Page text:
Women and Low-Skilled Workers [Testimony]: Other Countries’ Policies and Practices That May Help These Workers Enter and Remain in the Labor Force
U.S. Government Accountability Office
[excerpt]Concluding Observations Workplace policies and practices of the countries we studied generally reflect cooperation among government, employer, and employee organizations. Many developed countries have implemented policies and practices that help workers enter and remain in the workforce at different phases of their working lives. These policies and practices, which have included family leave and child care, for example, have been adopted through legislation, negotiated by employee groups, and, at times, independently initiated by private industry groups or individual employers. U.S. government and businesses, recognizing a growing demand for workplace training and flexibility, also offer benefits and are seeking ways to address these issues to recruit and retain workers. Potentially increasing women's labor force participation by further facilitating a balance of work and family, and improving the skills of low-wage workers throughout their careers, may be important in helping the United States maintain the size and productivity of its labor force in the future, given impending retirements. While other countries have a broader range of workforce benefits and flexibility and training initiatives, little is known about the effects of these strategies. Whether the labor force participation gains and any other positive outcomes from adopting other countries' policies would be realized in the United States is unknown. Moreover, any benefits that might come from any initiatives must be weighed against their associated costs. Nonetheless, investigating particular features of such policies and practices in some of the developed countries may provide useful information as all countries address similar issues.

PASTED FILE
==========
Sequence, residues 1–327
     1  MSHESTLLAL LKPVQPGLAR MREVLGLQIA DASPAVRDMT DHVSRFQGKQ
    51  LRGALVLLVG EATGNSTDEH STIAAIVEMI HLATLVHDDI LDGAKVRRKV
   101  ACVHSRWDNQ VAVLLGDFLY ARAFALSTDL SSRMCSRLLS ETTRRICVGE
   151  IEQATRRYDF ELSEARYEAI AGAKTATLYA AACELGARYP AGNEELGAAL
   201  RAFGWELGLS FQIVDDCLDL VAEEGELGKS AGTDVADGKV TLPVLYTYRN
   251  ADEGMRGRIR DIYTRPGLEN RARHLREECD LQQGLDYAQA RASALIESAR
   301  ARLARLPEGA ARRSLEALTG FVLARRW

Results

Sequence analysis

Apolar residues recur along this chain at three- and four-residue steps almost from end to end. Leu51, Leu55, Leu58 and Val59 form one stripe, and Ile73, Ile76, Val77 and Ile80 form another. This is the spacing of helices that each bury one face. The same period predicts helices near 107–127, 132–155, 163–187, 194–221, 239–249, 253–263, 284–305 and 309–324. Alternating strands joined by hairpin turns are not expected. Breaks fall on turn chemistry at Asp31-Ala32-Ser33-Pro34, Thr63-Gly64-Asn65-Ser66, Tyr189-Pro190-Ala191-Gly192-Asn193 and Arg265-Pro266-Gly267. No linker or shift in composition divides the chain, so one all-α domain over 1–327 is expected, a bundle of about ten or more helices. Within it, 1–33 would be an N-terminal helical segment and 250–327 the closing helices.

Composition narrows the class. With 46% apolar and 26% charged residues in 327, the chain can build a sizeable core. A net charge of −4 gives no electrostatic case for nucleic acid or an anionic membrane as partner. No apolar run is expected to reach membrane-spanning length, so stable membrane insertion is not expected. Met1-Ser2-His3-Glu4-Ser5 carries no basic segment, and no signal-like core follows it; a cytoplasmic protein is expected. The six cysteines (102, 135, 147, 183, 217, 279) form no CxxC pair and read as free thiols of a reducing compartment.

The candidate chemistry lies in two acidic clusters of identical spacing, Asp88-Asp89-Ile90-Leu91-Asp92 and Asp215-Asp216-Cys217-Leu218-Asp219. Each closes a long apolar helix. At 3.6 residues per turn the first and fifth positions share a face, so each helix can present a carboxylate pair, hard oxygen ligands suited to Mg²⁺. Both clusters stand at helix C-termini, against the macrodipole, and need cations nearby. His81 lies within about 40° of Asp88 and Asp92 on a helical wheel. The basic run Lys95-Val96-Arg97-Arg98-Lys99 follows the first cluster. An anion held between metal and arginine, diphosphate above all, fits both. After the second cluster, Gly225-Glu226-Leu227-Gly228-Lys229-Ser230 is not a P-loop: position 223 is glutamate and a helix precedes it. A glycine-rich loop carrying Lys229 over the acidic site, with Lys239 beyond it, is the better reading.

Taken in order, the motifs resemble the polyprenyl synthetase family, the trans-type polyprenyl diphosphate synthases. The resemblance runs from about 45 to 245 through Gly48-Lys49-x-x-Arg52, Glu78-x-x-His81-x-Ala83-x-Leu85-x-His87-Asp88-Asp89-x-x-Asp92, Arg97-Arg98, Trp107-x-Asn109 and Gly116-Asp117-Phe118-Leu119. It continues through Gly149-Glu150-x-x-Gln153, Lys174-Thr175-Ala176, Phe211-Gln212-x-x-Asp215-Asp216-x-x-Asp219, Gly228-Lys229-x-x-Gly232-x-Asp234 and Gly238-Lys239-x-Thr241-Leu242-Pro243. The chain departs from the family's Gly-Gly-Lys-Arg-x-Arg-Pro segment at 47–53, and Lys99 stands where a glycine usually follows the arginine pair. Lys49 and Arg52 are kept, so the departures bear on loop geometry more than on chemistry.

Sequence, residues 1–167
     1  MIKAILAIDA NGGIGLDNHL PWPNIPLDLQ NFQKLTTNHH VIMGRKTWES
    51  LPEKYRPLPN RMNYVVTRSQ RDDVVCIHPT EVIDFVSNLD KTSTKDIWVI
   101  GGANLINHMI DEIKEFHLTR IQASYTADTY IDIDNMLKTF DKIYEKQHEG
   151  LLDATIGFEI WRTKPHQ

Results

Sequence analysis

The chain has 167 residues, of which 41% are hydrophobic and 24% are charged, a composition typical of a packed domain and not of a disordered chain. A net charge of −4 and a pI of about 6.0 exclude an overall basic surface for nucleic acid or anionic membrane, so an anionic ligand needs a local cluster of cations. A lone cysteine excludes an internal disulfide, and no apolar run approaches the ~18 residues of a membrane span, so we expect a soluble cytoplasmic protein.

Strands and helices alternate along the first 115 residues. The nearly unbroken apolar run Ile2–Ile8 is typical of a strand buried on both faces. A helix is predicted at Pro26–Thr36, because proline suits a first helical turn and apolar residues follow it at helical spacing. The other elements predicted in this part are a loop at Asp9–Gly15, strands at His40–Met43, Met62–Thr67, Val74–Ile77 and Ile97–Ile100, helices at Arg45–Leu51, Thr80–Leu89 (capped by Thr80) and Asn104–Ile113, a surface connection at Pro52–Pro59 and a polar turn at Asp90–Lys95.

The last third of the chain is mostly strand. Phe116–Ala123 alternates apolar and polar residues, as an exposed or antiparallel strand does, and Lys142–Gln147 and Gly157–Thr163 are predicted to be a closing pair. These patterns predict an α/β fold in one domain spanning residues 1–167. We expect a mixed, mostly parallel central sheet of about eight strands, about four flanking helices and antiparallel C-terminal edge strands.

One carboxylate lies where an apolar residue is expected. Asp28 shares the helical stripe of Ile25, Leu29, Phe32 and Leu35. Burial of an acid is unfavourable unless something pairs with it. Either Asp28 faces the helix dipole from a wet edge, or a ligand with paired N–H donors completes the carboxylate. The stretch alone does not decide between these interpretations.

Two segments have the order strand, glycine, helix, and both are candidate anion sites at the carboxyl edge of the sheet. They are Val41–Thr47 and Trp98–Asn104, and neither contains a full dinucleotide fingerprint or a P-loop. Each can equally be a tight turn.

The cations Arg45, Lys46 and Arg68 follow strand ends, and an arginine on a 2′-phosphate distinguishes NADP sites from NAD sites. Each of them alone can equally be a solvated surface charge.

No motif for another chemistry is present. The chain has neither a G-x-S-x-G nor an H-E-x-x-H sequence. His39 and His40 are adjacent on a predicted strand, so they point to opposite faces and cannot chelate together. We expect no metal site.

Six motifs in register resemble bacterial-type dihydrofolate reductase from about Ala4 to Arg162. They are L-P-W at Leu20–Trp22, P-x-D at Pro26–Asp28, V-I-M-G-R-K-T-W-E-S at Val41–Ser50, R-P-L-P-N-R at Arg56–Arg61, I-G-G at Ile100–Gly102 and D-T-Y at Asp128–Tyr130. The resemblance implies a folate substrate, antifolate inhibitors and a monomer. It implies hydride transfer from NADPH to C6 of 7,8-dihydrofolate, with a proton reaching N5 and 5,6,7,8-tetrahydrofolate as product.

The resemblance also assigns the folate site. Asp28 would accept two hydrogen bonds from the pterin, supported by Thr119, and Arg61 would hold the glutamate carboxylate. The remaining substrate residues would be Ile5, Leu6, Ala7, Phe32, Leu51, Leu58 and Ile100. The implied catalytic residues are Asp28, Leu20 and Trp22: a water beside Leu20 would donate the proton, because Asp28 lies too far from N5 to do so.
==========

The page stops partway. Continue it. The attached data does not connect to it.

Labor markets; gender; employment; low-skill workers; public policy